Nepali Times Asian Paints
ASHUTOSH TIWARI
Strictly Business
Step up to the job


ASHUTOSH TIWARI


Ram Charan is a Texas-based Indian-American freelance business consultant. Fortune magazine puts his daily fee as high as $20,000. Charan has long-term contracts with GE and Home Depot offering practical advice on how they can make their already-strong global businesses even better.

Charan has written and co-written 11 books, the latest of which is Know-How: The 8 Skills That Separate People Who Perform From Those Who Don't. After reading Know-How last week, I looked for ways that four of the eight skills Charan talks about provide food for thought for CEOs and heads of organisations in Nepal.

Position and re-position your business: Take Nepal's leading newspapers as an example. Their core product is news, which now has competitors in the form of blogs, FM radio stations, Google News and so on. Given this, what can media executives do to re-position newspapers? Should their web presence be completely revamped? Should newspapers do more tie-ups with TV, radio, mobile phones, and other websites? In addition to serving up news, should they also position themselves as providers of knowledge, interactions, and research?

Pinpoint external change: Most Nepali banks are sitting on piles of money, and stuck doing, what an ex-banker matter-of-factly calls 'plain vanilla' commercial banking work.

But the demands of the country for long-range growth are urgently clear. Nepal desperately needs more highways, better airports, power plants, tourism destinations, and other infrastructure projects. How can business leaders be credible spokespeople to convince the government to open regulatory doors so Nepalis' own money also gets reliably invested in development work that give multiple returns to both rural and urban Nepal?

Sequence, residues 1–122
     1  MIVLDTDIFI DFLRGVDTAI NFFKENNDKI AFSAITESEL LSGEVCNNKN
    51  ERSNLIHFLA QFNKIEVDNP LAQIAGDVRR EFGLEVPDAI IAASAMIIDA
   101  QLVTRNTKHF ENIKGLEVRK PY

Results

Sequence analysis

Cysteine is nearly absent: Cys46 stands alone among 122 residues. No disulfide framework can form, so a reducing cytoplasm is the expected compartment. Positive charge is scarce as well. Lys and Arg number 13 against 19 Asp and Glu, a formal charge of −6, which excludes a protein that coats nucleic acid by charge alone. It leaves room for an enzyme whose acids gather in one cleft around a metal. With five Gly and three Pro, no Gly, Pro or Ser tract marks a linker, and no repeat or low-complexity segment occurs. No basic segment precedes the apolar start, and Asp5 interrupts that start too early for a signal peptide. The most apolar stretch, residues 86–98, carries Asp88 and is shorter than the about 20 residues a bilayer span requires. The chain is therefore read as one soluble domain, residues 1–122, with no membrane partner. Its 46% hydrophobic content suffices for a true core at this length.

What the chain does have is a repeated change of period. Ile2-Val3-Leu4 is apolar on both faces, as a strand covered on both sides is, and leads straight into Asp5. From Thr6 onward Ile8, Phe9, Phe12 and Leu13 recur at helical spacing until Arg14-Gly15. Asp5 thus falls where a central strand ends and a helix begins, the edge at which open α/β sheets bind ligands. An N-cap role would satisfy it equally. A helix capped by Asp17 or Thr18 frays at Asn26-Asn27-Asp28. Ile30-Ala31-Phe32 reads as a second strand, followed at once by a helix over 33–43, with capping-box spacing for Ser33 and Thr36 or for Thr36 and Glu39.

Lead your business's social system: Many non-family business partnerships flounder sooner or later in Nepal because the level of trust is often low. True, arbitrary application of laws by government officers does little to reward basic transparency. But on the personnel side, doing well in tiny Nepal goes to most people's heads quickly, making them act like prima donnas who then start creating headaches for business partners and associates. These long-simmering internal quarrels make even businesses that start off doing well reach low points within a few years. Charan says that one business know-how skill to look for in a CEO is to see how she moulds teams "by getting the right people together with the right behaviours to achieve better business results."

Address societal pressures: The median age of 27 million Nepalis is 18. Youths make this country tick. From sending money home from abroad to calling for shutdowns and disrupting factories, what young people do significantly affects all businesses. Yet most business leaders carry on as if they are only interested in a few young graduates for entry-level jobs. Charan says non-market forces are increasingly influencing business results everywhere, and that an effective CEO is the one who finds creative ways to respond to societal pressures that cannot be controlled but do have an impact on the bottom line.

Charan's gentle downplaying of a CEO's personal attributes such as intelligence, self-confidence, and communication skills makes him a rare guru who does not mistake a CEO's articulateness for accomplishment. Charan surely knows too many executives with all the right personal attributes who ultimately failed because their business priorities were a mess. In a previous book, Charan celebrated the art of execution and the practice of getting things done. In this new one, he has given every CEO a tool-kit for stepping outside of their day-to-day frame of reference to really examine the ingredients of high performance.



LATEST ISSUE
638
(11 JAN 2013 - 17 JAN 2013)


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